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Yes, people may and often do use certain words as private Proper Nouns, and these can get used as Proper Nouns, without articles. But it's very informal and colloquial. –  John Lawler Feb 7 '12 at 18:45
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This is all true, but I think your third paragraph is a bit misleading, or maybe a bit circular. "Playstation" is used to mean "a Playstation console", so it's countable, and there are many Playstations out there; but other, similar words are used differently. "Windows" is not used to mean "a Windows computer", so it's not countable, and there are not many Windowses out there; so we say "I have Windows", not "I have a Windows". But we do say "I have a Mac", not "I have Mac", because "Mac" does mean "a Mac computer". It's very word-specific, and even native speakers can get it wrong with –  ruakh Feb 7 '12 at 23:01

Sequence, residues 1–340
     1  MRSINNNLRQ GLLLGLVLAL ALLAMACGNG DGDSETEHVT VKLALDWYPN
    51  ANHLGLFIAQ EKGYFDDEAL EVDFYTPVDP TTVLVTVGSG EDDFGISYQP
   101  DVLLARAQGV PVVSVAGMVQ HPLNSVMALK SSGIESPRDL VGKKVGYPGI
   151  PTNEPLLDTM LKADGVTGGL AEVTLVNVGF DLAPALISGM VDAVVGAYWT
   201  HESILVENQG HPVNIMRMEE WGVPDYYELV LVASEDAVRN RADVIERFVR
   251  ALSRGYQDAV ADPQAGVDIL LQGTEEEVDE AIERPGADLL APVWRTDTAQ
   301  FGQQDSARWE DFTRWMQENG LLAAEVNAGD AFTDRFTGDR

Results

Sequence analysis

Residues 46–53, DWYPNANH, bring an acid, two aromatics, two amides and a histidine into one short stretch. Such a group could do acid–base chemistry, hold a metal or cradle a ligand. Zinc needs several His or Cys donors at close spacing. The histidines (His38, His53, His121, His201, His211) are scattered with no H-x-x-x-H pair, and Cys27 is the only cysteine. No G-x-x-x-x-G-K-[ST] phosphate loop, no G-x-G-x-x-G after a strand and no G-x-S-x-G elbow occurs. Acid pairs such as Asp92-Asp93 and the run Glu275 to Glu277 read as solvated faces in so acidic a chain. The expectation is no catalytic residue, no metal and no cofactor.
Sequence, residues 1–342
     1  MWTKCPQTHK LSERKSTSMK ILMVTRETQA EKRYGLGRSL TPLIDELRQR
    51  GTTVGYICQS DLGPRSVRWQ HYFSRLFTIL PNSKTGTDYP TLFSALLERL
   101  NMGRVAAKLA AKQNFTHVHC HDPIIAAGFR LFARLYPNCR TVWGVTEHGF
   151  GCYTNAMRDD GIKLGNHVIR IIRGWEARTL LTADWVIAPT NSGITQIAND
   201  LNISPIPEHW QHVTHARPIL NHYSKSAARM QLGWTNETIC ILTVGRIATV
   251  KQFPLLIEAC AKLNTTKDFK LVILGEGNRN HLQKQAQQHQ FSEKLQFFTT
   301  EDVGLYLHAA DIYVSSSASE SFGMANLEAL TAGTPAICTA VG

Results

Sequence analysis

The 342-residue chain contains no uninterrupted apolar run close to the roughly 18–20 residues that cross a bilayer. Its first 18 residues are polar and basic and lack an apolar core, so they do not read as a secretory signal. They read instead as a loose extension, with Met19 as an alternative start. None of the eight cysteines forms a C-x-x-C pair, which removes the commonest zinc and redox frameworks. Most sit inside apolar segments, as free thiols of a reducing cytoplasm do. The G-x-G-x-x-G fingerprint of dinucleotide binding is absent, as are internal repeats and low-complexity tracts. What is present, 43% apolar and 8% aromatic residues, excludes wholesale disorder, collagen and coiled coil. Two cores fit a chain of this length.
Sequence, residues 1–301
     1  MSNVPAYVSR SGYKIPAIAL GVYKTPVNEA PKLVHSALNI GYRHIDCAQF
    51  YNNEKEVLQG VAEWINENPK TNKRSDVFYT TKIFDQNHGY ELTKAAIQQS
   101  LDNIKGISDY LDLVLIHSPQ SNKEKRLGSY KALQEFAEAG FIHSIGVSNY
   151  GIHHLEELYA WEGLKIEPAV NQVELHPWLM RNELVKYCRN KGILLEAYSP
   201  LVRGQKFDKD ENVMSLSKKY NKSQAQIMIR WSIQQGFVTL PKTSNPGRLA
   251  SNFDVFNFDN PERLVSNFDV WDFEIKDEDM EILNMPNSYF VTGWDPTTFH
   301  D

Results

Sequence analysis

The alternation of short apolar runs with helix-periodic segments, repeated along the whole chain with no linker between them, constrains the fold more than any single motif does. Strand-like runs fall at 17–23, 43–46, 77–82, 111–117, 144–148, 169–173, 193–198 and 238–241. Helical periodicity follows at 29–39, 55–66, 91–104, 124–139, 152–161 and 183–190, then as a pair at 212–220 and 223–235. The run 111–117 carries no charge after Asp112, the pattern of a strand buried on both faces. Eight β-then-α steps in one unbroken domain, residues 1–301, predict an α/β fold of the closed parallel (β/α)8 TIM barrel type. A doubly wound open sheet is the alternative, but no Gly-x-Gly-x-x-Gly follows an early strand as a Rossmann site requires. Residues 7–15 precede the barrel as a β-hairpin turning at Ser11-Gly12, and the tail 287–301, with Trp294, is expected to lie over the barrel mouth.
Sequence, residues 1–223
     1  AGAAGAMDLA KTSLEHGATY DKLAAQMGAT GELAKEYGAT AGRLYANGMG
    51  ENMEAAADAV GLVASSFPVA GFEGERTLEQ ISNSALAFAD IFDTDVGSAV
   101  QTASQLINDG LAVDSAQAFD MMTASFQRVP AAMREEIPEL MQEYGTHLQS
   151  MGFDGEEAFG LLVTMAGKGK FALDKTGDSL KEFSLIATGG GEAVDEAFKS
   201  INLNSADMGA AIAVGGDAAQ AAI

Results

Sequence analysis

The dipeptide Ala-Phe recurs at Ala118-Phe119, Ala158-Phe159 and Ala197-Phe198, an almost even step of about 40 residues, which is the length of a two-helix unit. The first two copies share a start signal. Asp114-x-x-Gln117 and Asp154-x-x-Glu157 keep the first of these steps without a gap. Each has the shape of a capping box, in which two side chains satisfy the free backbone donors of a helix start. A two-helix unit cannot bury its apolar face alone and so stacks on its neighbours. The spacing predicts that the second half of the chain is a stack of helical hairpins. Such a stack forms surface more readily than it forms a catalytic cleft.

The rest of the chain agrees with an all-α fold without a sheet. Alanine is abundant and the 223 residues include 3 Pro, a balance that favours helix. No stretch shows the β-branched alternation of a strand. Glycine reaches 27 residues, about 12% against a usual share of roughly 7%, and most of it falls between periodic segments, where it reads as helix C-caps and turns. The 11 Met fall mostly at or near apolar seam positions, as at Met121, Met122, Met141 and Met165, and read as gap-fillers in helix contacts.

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words they don't know very well; I've heard non-geeks use "a Linux" to mean "a Linux box", like you do with Mac and Playstation, but do not do with Windows and Linux. –  ruakh Feb 7 '12 at 23:02
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@ruakh: Hmm, interesting. One could say that technically "Windows" is an operating system and not a kind of computer, so you don't really "have a Windows computer", you have "a computer on which Windows is installed". OSs aren't considered countable: no one says "Install a Windows" or "Install a Linux", just "Install Windows", etc. Likewise if you have two installation CDs, you don't say, "I have two Windowses", you say "I have two copies of Windows" or "I have two Windows install disks." Even Mac, when you're talking about the OS: "Mac OS allows you to ...", not "A Mac OS allows you to ..." –  Jay Feb 8 '12 at 2:47